Another mistake people tend to do is have all the changes on master before submitting a pull request. This is a bad idea, because most likely you're submitting other crap you don't intend to change, and/or you're probably asking us to merge other unnecessary commit history when there only needs to be one commit. Thanks for contributing your module to the community, but no thanks to your crazy commit history.

So as a habit, when you want to make something new, or change something, begin with a new branch that's up to date to master. First off, make sure you're on master. If you do a git status it will tell you what branch you're currently on:

$ git status
# On branch upstream-master
nothing to commit, working directory clean

Ok, now do a git pull to download the latest changes from Metasploit:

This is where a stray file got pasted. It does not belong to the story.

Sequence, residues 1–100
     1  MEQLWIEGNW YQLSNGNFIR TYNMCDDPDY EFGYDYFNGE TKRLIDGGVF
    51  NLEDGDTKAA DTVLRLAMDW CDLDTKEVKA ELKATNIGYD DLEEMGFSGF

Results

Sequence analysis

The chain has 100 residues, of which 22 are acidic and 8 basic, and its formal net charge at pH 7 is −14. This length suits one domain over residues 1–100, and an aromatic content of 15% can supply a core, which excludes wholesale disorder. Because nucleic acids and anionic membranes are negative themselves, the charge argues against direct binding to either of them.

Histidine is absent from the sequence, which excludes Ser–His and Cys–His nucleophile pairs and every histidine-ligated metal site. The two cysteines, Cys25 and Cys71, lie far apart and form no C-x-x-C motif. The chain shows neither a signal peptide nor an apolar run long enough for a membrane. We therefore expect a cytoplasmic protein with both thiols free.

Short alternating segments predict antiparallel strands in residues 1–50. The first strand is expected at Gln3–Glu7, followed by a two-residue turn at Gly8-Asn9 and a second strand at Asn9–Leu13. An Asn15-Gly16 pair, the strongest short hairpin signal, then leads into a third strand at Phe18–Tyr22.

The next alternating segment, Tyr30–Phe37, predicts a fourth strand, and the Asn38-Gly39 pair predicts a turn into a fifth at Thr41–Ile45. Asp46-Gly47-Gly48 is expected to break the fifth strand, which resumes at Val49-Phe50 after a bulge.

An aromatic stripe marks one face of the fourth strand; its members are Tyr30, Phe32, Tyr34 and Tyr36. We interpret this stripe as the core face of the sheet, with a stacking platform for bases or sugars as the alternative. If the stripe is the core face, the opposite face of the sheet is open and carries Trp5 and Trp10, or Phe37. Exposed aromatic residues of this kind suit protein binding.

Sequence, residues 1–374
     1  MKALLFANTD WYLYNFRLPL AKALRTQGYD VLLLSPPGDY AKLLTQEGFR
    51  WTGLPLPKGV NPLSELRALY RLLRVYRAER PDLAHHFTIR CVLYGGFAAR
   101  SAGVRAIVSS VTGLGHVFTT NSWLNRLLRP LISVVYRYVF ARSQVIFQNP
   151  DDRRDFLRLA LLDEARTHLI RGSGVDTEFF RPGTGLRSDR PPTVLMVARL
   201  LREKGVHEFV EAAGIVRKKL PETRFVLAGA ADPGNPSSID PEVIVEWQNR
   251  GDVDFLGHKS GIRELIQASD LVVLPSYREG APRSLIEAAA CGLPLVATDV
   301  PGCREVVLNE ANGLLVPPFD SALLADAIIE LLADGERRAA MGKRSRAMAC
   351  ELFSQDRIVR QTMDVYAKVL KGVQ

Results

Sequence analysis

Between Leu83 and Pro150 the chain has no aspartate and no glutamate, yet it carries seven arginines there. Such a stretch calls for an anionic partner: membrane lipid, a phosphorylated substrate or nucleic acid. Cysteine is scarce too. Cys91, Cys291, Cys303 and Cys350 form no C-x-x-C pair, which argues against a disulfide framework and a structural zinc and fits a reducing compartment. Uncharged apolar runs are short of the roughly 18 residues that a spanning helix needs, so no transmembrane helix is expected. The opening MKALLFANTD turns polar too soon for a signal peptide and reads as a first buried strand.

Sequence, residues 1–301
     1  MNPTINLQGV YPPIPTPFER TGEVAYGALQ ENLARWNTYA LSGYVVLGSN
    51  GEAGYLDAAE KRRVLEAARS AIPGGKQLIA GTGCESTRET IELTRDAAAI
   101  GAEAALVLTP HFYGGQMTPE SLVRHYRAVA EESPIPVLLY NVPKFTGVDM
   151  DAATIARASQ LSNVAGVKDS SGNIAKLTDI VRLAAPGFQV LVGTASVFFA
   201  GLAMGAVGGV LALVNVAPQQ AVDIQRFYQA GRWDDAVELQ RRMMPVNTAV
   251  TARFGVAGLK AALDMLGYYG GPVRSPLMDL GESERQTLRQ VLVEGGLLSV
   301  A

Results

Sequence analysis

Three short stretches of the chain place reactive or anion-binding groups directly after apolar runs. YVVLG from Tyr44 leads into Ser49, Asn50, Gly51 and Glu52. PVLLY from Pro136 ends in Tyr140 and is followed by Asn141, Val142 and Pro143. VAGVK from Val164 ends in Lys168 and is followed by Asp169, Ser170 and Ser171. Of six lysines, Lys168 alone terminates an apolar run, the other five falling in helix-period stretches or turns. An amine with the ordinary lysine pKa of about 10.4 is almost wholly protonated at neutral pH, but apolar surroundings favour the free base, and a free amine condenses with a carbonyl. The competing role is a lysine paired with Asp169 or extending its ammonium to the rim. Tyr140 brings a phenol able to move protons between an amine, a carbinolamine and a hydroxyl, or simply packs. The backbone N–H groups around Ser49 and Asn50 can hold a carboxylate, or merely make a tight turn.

$ git pull
Already up-to-date.

At this point, you're ready to start a new branch. In this case, we'll name our new branch "my_awesome_branch":

$ git checkout -b my_awesome_module
Switched to a new branch 'my_awesome_module'

And then you can go ahead and add that module. Make sure it's in the appropriate path:

$ git add [module path]

When you decide to save the changes, commit (if there's only one module, you can do git commit -a too so you don't have to type the module path. Note -a really means EVERYTHING):

$ git commit [module path]

When you're done, push your changes, which will upload your code to your remote branch "my_awesome_branch". You must push your changes in order to submit the pull request, or share it with others on the Internet.

$ git push origin my_awesome_branch

References

https://github.com/rapid7/metasploit-framework/tree/master/modules/auxiliary

https://github.com/rapid7/metasploit-framework/blob/master/lib/msf/core/auxiliary.rb

https://github.com/rapid7/metasploit-framework/blob/master/lib/msf/core/auxiliary/scanner.rb